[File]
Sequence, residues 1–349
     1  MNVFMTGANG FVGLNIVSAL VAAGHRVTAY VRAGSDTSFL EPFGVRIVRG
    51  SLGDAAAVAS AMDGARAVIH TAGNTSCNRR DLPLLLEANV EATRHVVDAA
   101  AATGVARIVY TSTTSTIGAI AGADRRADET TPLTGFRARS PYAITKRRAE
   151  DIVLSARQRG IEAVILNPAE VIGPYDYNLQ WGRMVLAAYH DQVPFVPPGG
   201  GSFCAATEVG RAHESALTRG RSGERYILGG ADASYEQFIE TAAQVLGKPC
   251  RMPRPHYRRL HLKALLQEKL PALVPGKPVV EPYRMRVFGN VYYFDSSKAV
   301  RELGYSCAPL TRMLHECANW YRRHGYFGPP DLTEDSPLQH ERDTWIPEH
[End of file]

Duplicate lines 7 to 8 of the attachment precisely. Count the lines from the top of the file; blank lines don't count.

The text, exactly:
   251  RMPRPHYRRL HLKALLQEKL PALVPGKPVV EPYRMRVFGN VYYFDSSKAV
   301  RELGYSCAPL TRMLHECANW YRRHGYFGPP DLTEDSPLQH ERDTWIPEH